August 2, 2016
In wake of Hurst, Delaware Supreme Court declares state's death penalty unconstitutional
The post-Hurst hydra took an especially big bite out the the death penalty in the First State this afternoon: as reported in this local article, via "a landmark decision, the Delaware Supreme Court has ruled that the state's death penalty statute is unconstitutional." Here are the basics:
A 148-page opinion released Tuesday afternoon said that the current law is a violation of the Sixth Amendment role of the jury. The decision of whether and how to reinstate the death penalty should now be left to the General Assembly, the opinion said.
The question before the top state court arose after the U.S. Supreme Court found in January that Florida's death penalty law was unconstitutional because it gave judges – not juries – the final say to impose a death sentence. Delaware and Alabama are the only other states that allow judges to override a jury's recommendation of life....
The last execution in the state was in 2012, when Shannon Johnson, 28, was killed by lethal injection. All pending capital murder trials and executions for the 14 men on death row are currently on hold while the court considered the constitutionality issue.
The full 148-page opinion in Rauf v. Delaware is available at this link. A brief per curiam summary kicks off the opinion, starting this way:
The State has charged the Defendant, Benjamin Rauf with one count of First Degree Intentional Murder, one count of First Degree Felony Murder, Possession of a Firearm During those Felonies, and First Degree Robbery. The State has expressed its intention to seek the death penalty if Rauf is convicted on either of the First Degree Murder counts. On January 12, 2016, the United States Supreme Court held in Hurst v. Florida that Florida‘s capital sentencing scheme was unconstitutional because "[t]he Sixth Amendment requires a jury, not a judge, to find each fact necessary to impose a sentence of death." On January 25, 2016, the Superior Court certified five questions of law to this Court for disposition in accordance with Supreme Court Rule 41. On January 28, 2016, this Court accepted revised versions of the questions certified by the Superior Court and designated Rauf as the appellant and the State as the appellee.
In this case, we are asked to address important questions regarding the constitutionality of our state‘s death penalty statute. The Superior Court believed that Hurst reflected an evolution of the law that raised serious questions about the continuing validity of Delaware‘s death penalty statute. Specifically, Hurst prompted the question of whether our death penalty statute sufficiently respects a defendant‘s Sixth Amendment right to trial by jury.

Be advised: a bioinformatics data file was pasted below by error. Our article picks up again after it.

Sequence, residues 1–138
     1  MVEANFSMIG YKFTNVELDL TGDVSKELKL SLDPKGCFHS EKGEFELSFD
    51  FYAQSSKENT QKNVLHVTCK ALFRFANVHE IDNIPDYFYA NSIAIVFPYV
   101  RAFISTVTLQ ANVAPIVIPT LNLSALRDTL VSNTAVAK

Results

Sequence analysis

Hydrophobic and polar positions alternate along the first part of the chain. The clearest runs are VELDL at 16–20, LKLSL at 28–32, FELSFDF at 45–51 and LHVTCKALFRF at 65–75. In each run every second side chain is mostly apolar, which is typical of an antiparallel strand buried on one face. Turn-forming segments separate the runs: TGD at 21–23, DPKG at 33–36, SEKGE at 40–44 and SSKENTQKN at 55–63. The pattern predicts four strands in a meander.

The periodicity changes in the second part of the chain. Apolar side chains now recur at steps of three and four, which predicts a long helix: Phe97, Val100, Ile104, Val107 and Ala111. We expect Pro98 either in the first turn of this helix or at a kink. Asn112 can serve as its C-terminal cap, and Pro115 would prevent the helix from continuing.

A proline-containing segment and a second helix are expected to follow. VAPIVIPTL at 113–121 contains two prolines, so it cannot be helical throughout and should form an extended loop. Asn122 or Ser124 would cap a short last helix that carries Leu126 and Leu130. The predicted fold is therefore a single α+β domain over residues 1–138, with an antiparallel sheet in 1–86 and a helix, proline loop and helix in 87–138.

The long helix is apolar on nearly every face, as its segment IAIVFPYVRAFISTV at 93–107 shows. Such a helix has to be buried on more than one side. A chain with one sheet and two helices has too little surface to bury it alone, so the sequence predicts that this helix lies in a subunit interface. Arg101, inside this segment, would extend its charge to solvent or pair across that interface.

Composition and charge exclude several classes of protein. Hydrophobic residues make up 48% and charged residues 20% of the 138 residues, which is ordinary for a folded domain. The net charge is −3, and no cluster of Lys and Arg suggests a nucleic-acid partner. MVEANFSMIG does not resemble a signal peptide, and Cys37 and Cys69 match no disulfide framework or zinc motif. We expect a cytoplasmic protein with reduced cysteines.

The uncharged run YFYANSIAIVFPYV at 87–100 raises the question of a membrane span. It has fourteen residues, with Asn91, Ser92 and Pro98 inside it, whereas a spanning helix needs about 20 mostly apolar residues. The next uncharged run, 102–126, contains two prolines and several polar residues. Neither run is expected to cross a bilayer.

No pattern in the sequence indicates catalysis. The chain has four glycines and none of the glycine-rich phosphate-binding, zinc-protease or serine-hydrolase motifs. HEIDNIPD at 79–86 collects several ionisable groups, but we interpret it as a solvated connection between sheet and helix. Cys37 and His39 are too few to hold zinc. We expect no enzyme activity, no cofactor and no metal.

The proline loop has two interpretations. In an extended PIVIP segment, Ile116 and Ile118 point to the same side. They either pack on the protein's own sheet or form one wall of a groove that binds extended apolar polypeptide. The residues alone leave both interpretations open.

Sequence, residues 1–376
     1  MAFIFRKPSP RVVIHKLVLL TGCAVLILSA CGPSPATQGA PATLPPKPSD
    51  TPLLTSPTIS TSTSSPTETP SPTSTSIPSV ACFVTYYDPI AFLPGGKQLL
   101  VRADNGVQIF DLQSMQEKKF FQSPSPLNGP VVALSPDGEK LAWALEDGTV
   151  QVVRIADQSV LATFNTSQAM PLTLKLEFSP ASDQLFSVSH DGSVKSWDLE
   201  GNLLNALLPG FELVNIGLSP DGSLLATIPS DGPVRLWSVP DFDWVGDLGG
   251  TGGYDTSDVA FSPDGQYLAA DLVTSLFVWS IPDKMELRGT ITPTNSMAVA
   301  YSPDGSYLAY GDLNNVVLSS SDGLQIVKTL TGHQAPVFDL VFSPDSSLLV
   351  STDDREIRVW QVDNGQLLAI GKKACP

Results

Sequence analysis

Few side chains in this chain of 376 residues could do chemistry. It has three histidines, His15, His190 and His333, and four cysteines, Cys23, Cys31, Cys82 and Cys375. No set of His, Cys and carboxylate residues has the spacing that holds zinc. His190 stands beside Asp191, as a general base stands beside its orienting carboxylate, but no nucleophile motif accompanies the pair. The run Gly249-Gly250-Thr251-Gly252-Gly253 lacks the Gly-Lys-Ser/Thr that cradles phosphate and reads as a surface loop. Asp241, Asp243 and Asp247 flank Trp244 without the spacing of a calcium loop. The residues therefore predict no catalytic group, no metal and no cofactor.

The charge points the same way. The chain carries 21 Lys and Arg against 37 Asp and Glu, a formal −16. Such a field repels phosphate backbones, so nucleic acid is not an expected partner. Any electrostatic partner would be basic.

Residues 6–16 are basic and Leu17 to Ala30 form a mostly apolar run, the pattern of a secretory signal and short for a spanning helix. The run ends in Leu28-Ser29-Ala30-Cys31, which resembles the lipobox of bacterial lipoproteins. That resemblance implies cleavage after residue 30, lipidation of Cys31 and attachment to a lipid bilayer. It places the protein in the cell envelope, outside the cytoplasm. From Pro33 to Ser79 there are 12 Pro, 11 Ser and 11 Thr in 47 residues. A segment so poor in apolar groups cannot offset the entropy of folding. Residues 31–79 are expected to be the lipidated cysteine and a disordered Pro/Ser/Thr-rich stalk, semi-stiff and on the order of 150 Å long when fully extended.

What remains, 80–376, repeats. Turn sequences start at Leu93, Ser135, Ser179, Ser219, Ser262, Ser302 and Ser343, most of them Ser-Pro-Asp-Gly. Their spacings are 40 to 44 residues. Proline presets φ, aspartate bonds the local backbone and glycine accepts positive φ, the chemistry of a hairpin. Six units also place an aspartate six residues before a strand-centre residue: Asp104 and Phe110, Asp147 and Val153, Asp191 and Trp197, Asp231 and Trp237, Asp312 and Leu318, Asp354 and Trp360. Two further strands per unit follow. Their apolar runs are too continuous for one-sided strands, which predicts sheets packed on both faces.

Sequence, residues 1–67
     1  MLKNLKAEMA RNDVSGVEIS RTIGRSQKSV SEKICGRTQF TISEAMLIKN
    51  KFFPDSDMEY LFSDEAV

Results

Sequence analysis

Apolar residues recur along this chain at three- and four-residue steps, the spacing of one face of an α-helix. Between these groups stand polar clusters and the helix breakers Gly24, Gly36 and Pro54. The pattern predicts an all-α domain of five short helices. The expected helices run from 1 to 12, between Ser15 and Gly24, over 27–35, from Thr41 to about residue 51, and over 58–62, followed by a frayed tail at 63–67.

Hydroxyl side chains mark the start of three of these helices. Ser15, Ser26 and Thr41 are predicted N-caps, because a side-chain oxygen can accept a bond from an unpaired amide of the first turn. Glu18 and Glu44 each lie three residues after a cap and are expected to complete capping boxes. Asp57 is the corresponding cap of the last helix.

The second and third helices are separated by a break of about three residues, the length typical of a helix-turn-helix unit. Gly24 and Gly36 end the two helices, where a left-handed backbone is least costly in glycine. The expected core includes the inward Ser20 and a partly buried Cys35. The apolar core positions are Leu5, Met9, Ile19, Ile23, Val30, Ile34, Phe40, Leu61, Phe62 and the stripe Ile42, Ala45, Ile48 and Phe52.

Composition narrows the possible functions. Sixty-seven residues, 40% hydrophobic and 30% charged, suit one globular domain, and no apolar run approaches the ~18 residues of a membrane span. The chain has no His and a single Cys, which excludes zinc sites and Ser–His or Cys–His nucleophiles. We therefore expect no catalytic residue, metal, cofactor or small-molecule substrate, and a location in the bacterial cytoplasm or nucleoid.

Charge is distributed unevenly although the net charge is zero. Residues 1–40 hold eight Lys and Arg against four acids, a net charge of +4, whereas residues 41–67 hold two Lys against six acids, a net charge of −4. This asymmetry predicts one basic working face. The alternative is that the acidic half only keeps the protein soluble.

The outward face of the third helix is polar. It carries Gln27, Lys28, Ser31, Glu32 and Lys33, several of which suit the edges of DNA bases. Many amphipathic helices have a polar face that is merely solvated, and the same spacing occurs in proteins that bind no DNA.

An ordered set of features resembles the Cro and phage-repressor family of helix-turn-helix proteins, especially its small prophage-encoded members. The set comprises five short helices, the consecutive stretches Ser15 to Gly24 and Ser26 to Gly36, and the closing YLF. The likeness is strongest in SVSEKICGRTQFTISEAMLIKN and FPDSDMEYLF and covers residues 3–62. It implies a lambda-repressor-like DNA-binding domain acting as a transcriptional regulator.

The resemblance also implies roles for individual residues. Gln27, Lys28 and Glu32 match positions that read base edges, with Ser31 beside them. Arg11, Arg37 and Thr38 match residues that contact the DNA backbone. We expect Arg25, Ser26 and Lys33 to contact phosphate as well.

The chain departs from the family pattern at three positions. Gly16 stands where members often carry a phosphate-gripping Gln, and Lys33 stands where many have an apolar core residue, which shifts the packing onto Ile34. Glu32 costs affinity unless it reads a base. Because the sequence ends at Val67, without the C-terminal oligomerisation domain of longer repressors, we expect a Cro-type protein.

Because answering the certified questions requires us to interpret not simply the Sixth Amendment itself, but the complex body of case law interpreting it, we have a diversity of views on exactly why the answers to the questions are what we have found them to be. But that diversity of views is outweighed by the majority‘s collective view that Delaware‘s current death penalty statute violates the Sixth Amendment role of the jury as set forth in Hurst. We also have a shared belief that the importance of the subject to our state and our fellow citizens, reflected in the excellent briefs and arguments of the parties, makes it useful for all the Justices to bring our various perspectives to bear on these difficult questions.
August 2, 2016 at 05:34 PM | Permalink
once again, another court does SCOTUS' dirty work
Posted by: federalist | Aug 3, 2016 11:27:45 AM
No shocker. Delaware's law was consciously modeled on Florida's law because the system they had previously used wasn't actually producing votes for death.
Posted by: Erik M | Aug 3, 2016 1:14:09 PM
The impending death of the death penalty is one of the reasons I stopped writing on the subject. We've been on the glide path to at least de facto abolition for roughly 10 years, give or take. The issue is how many more executions until the last one.
Posted by: karl | Aug 3, 2016 9:09:41 PM
People continued to be executed though ... wouldn't be too dismissive myself.
Posted by: Joe | Aug 3, 2016 10:09:48 PM